G7 foreign ministers are set to underline their backing for the UN-sponsored government in Libya headed by prime minister Fayez al-Sarraj, easing concerns about a major shift in US policy with regard to the North African country. According to a section of the communiqué being discussed in Lucca, Italy, and seen by the Financial Times, the G7′s top diplomats will express “strong support” for Mr Sarraj’s government and “firm opposition to any attempt to disrupt the stabilisation process”. Italian officials...
(Voice of America 04/05/17)
A Red Cross report says African countries are failing their internally displaced people. Reversing that trend was the subject of a high level meeting of the International Red Cross and the African Union that wrapped up Tuesday in Zimbabwe. Africa has about 13 million internally displaced people, a third of the global number of IDPs, and more than double the amount of refugees on the continent. By definition, refugees flee across a national border, while IDPs leave their homes but...
(Bloomberg 04/04/17)
Oil’s rally above $50 a barrel is running out of steam after Libyan production returns, bringing the focus back to OPEC. Futures in New York extended losses after dropping 0.7 percent on Monday, following a 5.5 percent jump last week. While OPEC output fell by 200,000 barrels a day in March, the decline was helped by cuts in Nigeria and Libya that are exempt from its production-curb deal to shrink a global glut, a Bloomberg News survey shows. Libya was...
(Financial Times 04/04/17)
Countries should develop policies to attract labour-intensive production leaving China. China’s initial wave of investments in Africa focused on natural resource extraction. Their demand for metals and energy was so large that it actually boosted global commodity prices overall, which in turn accelerated growth across the African continent. These times of China propping up global commodity prices are now over, as it has built up excess capacity in many sectors and now faces slow investment growth. This lower demand has...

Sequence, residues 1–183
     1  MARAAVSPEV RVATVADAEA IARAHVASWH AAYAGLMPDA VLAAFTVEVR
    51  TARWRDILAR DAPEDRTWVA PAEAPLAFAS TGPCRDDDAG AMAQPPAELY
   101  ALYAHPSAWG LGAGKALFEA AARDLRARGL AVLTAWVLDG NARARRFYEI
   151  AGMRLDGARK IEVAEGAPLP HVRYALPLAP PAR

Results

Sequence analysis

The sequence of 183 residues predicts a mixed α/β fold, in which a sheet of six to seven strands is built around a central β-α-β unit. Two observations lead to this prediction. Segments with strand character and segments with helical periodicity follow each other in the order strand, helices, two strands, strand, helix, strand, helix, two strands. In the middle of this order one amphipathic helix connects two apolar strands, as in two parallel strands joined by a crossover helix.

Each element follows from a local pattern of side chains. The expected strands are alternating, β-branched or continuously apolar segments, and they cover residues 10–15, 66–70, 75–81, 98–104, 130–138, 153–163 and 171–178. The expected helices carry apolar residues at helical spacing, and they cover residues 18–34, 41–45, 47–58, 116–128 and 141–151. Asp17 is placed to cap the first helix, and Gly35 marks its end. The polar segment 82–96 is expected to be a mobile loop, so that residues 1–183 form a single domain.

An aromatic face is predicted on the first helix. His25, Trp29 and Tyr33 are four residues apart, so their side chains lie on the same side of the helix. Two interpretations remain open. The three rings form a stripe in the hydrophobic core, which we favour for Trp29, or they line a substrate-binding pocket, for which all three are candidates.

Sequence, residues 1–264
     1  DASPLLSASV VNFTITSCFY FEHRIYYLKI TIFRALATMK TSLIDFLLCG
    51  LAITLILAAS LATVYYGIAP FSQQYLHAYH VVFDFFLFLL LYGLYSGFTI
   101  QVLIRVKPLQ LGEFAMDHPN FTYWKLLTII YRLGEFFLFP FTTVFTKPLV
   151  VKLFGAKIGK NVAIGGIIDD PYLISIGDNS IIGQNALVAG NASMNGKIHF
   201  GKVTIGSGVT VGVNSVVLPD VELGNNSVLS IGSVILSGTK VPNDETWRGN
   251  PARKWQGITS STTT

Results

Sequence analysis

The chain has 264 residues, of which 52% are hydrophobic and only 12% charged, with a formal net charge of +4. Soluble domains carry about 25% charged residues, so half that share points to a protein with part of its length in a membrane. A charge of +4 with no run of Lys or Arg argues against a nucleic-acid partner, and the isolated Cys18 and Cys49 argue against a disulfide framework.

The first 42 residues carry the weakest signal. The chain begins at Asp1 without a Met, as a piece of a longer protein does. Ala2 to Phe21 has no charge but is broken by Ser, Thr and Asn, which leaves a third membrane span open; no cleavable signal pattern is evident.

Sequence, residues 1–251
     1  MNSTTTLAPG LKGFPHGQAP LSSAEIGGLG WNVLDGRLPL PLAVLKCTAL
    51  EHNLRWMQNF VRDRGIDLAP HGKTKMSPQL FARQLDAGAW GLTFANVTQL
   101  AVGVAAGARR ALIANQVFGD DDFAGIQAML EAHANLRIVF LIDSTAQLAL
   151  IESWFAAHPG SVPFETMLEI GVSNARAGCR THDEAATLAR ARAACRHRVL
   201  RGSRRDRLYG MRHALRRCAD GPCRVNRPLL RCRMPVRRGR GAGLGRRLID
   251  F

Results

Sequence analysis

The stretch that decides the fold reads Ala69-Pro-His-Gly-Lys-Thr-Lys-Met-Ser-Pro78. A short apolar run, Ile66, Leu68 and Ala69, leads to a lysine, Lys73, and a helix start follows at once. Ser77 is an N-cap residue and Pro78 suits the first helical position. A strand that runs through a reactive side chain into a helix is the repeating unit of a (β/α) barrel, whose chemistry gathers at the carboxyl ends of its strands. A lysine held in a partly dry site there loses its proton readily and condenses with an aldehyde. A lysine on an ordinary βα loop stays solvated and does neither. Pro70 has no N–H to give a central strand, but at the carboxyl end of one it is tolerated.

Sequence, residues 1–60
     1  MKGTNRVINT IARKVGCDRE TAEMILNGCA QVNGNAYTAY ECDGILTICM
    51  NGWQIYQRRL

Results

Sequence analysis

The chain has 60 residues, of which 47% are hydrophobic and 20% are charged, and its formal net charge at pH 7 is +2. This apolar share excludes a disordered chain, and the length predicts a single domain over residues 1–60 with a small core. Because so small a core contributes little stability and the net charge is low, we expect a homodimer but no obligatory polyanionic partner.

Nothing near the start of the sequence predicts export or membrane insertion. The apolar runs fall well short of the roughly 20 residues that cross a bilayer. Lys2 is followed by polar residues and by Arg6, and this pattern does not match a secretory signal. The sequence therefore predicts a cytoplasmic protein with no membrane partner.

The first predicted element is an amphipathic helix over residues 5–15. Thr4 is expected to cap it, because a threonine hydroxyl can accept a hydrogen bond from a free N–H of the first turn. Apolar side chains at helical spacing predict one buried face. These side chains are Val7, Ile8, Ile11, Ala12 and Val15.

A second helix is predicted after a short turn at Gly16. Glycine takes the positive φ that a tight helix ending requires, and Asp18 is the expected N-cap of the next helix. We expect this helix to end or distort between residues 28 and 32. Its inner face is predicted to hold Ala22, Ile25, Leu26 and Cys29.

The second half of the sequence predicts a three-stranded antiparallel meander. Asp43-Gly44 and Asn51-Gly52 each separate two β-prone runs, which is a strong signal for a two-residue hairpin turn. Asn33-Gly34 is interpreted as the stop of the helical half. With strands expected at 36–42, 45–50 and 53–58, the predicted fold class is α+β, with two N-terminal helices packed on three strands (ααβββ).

(Bloomberg 04/03/17)
Libya’s crude production rebounded to about 660,000 barrels a day as the OPEC nation’s biggest oil field resumed output after about a week of disruption. Force majeure on the Zawiya export terminal was lifted after pumping resumed Sunday at Sharara, the nation’s biggest oil field, Mustafa Sanalla, chairman of Libya’s state-run National Oil Corp., said Monday by phone. Libya’s overall production is 660,000 barrels a day, according to a person familiar with the matter who isn’t authorized to speak to...
(The Guardian 03/30/17)
Power struggle could undermine authority of UN-backed Libyan Government of National Accord. A power struggle for control of Libya’s oil is threatening to deepen splits in the country and undermine the fragile authority of the UN-backed Libyan Government of National Accord, the GNA. The battle has forced the politically neutral chairman of the Libyan National Oil Corporation (NOC) to warn the GNA that it has overstepped its authority both by closing the oil ministry and by trying to take over some of the NOC’s role. The attack by Libyan oil boss Mustafa Sanalla’s may weaken already fraying international support for the Tripoli
(Bloomberg 03/29/17)
Oil rose after a pipeline halt reduced output in OPEC member Libya, countering concerns that a U.S. surplus shows little sign of diminishing. Libya’s output was said to fall to about 500,000 barrels a day after a pipeline carrying crude from the Sharara field -- its biggest -- stopped operating. Clashes between armed groups in the nation have previously led to market disruptions, and the latest news drove New York oil futures up as much as 1 percent after boosting...
(Bloomberg 03/28/17)